I was at the Foresters; we are going to attend to it. We gave part of the Foresters for resettlement but there was an agreement between the owners of the Foresters, the von Pezold family and the late Vice President Dr Joseph Msika for them to agree to share Foresters which was sitting on 22 000 hectares of land. They were supposed to give up 11 000 but they only offered a quarter of that land. They took Government and the resettled families we had given land to court, up until the Constitutional Court ruled in favour of our farmers that a Bilateral Investment Protection and Promotion Agreement (BIPPA) cannot preclude Government from taking back land for resettlement purposes.

The only requirement is for Government to compensate them. Government will compensate for all the land at its leisure because we have no reason to compensate at all. But with regards to BIPPA we respect BIPPA. But we will not be compelled to compensate when our macroeconomic conditions are crippled by sanctions, by the same countries such as Germany and Europe.

We cannot be compelled to compensate at a faster pace because we want to appease those people. But I am taking a keen interest in the Foresters because of the reports that I heard from the farm labourers and the people there. We need to liberate the Foresters.

TZ: Let us go back to development projects that you mentioned. One of the marquee projects that you had as Minister of State was the cassava project which I understand falls within this constituency. What is the status now?
MD: The cassava production programme was inspired by President Mugabe in his thrust in terms of agricultural development. When Zim-Asset was introduced one of the primary aims was to enhance food nutrition among our people and the President alerted us that we are used to eating a lot of sadza as a starch provider. We are stuck with this theory that sadza is the only form of starch or carbohydrate we can get.

But we have other alternative forms of starch such as cassava, sweet potatoes and so forth that can also assist. Maize is basically a foreign product that came from abroad as a stockfeed. Maize wasn't supposed to be for human consumption. We got glued to maize over the years but we have traditional starch-providing foods including cassava, the small grains, rapoko, millet and so forth that are more nutritious than sadza and maize.

This is the route that we are trying to take. All around the region, you talk of Tanzania, you talk of Zambia, you talk of Malawi, of Mozambique; they use alternatives to maize and cassava is one of them, even in West Africa, Ghana up there.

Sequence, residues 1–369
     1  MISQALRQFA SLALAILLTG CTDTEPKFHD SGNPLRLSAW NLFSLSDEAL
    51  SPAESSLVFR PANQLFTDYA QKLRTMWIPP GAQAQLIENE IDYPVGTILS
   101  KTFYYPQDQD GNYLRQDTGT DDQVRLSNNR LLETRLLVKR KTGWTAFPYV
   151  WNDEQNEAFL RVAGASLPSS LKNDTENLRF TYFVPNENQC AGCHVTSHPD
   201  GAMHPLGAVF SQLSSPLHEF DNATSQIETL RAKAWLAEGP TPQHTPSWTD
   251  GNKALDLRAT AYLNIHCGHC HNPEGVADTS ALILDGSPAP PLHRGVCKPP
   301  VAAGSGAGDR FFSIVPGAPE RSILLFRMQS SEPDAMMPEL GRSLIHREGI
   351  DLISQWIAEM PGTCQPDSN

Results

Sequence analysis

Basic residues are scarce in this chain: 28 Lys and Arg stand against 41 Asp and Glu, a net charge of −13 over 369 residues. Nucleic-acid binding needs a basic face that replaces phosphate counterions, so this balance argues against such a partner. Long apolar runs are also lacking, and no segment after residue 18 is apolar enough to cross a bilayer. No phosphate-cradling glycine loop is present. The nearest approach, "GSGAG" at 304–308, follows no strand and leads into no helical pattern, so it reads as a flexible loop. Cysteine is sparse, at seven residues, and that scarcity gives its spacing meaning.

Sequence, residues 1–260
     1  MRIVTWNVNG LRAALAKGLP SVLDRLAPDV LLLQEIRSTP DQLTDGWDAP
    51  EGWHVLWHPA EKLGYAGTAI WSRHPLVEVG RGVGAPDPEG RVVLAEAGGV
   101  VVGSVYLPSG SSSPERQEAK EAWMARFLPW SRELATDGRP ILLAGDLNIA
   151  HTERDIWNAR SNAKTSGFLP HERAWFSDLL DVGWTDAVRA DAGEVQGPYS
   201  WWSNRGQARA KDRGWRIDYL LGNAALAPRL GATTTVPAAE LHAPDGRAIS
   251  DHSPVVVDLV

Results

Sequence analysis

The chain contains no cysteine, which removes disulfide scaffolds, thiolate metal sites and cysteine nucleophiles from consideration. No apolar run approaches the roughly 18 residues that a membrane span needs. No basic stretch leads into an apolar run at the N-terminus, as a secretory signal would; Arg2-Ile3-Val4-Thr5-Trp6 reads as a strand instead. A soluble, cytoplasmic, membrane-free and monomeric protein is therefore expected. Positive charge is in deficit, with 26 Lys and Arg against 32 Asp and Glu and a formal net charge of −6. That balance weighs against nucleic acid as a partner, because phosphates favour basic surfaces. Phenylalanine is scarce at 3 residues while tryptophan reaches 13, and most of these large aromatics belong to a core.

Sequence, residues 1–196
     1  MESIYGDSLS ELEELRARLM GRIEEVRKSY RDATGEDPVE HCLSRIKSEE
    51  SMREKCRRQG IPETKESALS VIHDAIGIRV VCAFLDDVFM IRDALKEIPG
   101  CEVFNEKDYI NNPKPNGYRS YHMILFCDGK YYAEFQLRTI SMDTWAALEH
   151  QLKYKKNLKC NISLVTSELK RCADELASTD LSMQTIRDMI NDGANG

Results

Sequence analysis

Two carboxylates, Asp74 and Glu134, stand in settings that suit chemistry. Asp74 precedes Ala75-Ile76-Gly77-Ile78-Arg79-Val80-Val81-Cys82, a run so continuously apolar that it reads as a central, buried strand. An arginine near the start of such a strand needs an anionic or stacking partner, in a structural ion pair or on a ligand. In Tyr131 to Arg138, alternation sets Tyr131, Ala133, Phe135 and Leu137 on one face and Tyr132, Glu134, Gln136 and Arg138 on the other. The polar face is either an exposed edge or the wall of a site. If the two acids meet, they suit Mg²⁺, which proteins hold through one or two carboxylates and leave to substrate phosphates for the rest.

The conditions for cassava production are available in Zimbabwe in terms of both the climate and the soils. So we are coming up with a pilot project for massive production of cassava.

Cassava can also be used as a biodiesel and the leaves are also used medicinally and as a form of relish. Cassava plant has by-products that can be used in agro industrial production.

So I am excited about the cassava and sweet potato projects. We have this project we are doing with the University of Zimbabwe, there is a professor we are engaging. We also have a funder, an NGO that comes in to fund massive production of cassava.

However, I am very concerned that (we are also doing this in Mbire district) because of bureaucracy, the approval process with the relevant Ministry has not been forthcoming and we want to call on the speedy ease of doing business that we are talking about in Government.

We need approval so that money can start coming in and we can do the project. Imagine if we have each and every household in the whole of the Makope area covering Chaona, Chingamvura, Chinehasha, even the resettled area up there, everyone with a plot or hectare of cassava!

You can only eat less than a quarter of that, then you market the rest. Many people believe that cassava can only be eaten as a whole but you can crush it into a powder. It can turn into a substance like mealie meal then you use it for porridge or make a form of sadza.

So I am very excited about cassava. For those who are ill, HIV and AIDS patients, those with nutritional problems, cassava is known scientifically to enhance the health conditions of ill people. Unlike zvihuta that we have heard myths about, cassava is proven to be good and nutritious.

TZ: Still on developmental issues, one of the biggest concerns has in Zimbabwe is the under-utilisation of dams and water bodies. In this constituency there are a couple of dams. What are you going to do so that the utilisation of such bodies and resources increases?
MD: This is very critical, the question of enhancing productivity and fully utilising irrigation systems. If you fly over Mash Central you will find dams littered all over and this was a post-independence development. There was a thrust by President Mugabe to ensure that we capture water all around. At a great cost, the newly-independent Government went out of its way to build dams.

The tragedy is that we have not truly utilised the dams. We have massive water bodies that are lying idle. The water is evaporating; the rivers are going down and the water is going to the ocean. Yet we have successive droughts and climate change which have made traditional farming methods very unreliable because normal rainfall is no longer as predictable as it used to be.